Vous êtes sur la page 1sur 15

QUASIRANDOMNESS AND GOWERS’ THEOREM

QIAN ZHANG

August 16, 2007

Abstract. “Quasirandomness” will be described and the Quasirandomness Theorem will be used to prove Gowers’ Theorem. This article assumes some familiarity with linear algebra and elementary probability theory.

Contents

1.

Lindsey’s Lemma: An Illustration of quasirandomness

1

1.1.

How Lindsey’s Lemma is a Quasirandomness result

2

2.

The Quasirandomness Theorem

3

2.1.

How the Quasirandomness Theorem is a quasirandomness result.

7

3.

Gowers theorem

8

3.1.

Translating Gowers Theorem: Proving m 2 m Proves Gowers’ Theorem

9

3.2.

Proving m 2 m

11

References

15

1. Lindsey’s Lemma: An Illustration of quasirandomness

Definition 1.1. A is a Hadamard matrix of size n if it is an n × n matrix with each entry (a ij ) either +1 or -1. Moreover, its rows are orthogonal, i.e. any two distinct row vectors have inner product 0.

Remark 1.2. If A is an n × n matrix with orthogonal rows, then AA T = nI, so

(

also orthogonal, and (

1 n A) 1 A T A = nI, so the columns of A are

1

n A)(

1

n A) T = I (

1

n A) T = (

n A) T (

1

1

n A) = I.

Notation 1.3.

Remark 1.4. For any matrix A, 1 T A 1 is the sum of the entries of A. 1

Fact 1.5. x 2 = x T x. Hence, A x 2 = (A x) T (A x) = x T A T A x.

Definition 1.6. Given a matrix A and a submatrix T of A, let X be the set of rows of T and let Y be the set of columns of T . x is an incidence vector of X if for all components x i of x, x i = 1 if the ith row vector of A is a row vector of T

1 denotes the column vector that has 1 as every component.

1 1 selects columns of A and sums their corresponding components. 1 T selects rows of A, selecting and adding together certain component sums. Replacing the ith component of 1 with a 0 would deselect the ith column of A and replacing the ith component of 1 T with 0 would deselect the ith row of A.

1

2

QIAN ZHANG

and x i = 0 otherwise. y is an incidence vector of Y if for all components y i of y, y i = 1 if the ith column vector of A is a column vector of T and y i = 0 otherwise.

Lemma 1.7. (Lindsey’s Lemma) If A = (a ij ) is an n×n Hadamard matrix and T

is a k×l-submatrix, then | (i,j)T a ij | ≤ kln

Proof. Let X be the set of rows of T and let Y be the set of columns of T . Note that |X| = k and |Y | = l. Let x be the incidence vector of X and let y be the incidence vector of Y .

The sum of all entries of T is (i,j)T a ij , which is x T A y (recall 1.4), so x T A y =

(i,j)T a ij

. By the Cauchy-Schwarz inequality, x T A y x A y .

By 1.2 and 1.5,

1

n

A y = n(

A y = y T ( 1 n A) T (

n A y) = n

1

1

n

1 n A) y = y T y = y

A y = n y

Substituting for A y in the Cauchy-Schwarz inequality and noting that x = k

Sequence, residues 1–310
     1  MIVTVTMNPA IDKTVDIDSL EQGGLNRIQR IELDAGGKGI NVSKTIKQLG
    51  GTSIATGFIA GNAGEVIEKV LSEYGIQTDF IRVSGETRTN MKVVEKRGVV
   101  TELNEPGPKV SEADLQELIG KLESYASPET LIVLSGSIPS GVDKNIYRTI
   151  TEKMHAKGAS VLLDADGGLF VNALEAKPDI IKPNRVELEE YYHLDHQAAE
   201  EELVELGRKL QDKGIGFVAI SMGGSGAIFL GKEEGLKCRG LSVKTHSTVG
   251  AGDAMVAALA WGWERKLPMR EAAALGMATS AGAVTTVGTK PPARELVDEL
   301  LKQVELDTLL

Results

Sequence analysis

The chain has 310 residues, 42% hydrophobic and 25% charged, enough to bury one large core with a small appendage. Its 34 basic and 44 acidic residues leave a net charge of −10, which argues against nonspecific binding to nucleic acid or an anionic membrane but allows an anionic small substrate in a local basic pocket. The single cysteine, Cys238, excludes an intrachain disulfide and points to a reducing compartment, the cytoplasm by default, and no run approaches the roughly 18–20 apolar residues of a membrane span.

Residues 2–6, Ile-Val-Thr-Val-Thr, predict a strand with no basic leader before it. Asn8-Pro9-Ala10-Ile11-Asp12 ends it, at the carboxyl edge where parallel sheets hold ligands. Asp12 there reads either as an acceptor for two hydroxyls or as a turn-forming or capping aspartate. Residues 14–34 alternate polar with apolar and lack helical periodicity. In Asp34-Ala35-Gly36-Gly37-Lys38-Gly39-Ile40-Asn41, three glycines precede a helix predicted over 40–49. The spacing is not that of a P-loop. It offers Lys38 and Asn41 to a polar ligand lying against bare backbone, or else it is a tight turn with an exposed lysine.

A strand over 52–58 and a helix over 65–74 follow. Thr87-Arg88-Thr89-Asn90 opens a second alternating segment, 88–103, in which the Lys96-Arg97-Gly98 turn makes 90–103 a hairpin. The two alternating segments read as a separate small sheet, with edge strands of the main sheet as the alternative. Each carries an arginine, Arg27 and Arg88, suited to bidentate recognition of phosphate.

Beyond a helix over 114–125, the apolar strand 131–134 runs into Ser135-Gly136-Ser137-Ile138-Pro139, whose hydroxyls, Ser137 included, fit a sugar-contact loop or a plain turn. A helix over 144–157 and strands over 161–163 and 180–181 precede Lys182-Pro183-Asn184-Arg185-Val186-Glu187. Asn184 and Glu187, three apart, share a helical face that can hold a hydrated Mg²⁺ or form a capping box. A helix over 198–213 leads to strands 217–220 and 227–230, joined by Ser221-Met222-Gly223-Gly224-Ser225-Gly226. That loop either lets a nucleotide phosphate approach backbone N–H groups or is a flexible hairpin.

1.1. How Lindsey’s Lemma is a Quasirandomness result. The following corollary illustrates how Lindsey’s Lemma is a “quasirandomness” result. It says that if T is a sufficiently large submatrix, then the number of +1’s and the number of -1’s in T are about equal.

and y = l, x T A y x ( n y ) = kln.

Corollary 1.8. Let T be a k×l submatrix of an n×n Hadamard matrix A. If kl 100n, then the number of +1’s and the number of -1’s each occupy at least 45% and at most 55% of the cells of T.

Proof. Let x be the number of +1’s in T and let y be the number of -1’s in T . Suppose kl 100n. We want to show that (0.45)kl x (0.55)kl and (0.45)kl y (0.55)kl.

By Lindsey’s Lemma, | (i,j)T a ij | ≤ kln. Note that x y = (i,j)T a ij , so

= |x y| ≤ kln. We know that k > 0 and l > 0, so kl > 0.

(i,j)T a ij

|x y| kl

2 =

kl 100n =

n

n

kln

1

(kl)

10

where the last inequality holds because kl 100n. Since all entries of T are either +1 or -1, the sum of the number of +1’s and the number of -1’s is the number of entries in T, so x + y = kl , hence y = kl x. Substituting in for y,

|x (kl x)|

kl

kl

10

9kl

20

9kl

20

9kl

20

1

10

kl

10

20

2x kl

x 11kl

20

kl x 11kl

y 11kl

20

QUASIRANDOMNESS AND GOWERS’ THEOREM

3

Definition 1.9. A random matrix is a matrix whose entries are randomly as- signed values. Entries’ assignments are independent of each other.

To see how Corollary 1.8 shows Hadamard matrix A to be like a random matrix but not a random matrix, consider a random n × n matrix B whose entries are assigned either +1 or -1 with probability p and 1 p respectively. Consider U , a

k × l submatrix of B. U has kl entries, and w, the number of entries of the kl

entries that are +1, would be a random variable. Considering U ’s entries’ assignments independent trials that result in either suc- cess or failure and calling the occurrence of +1 a “success,” P (w = s) is the proba- bility of s successes in kl independent trials, which is the product of the probability of a particular sequence of s successes, p s (1 p) kls , and the number of such se-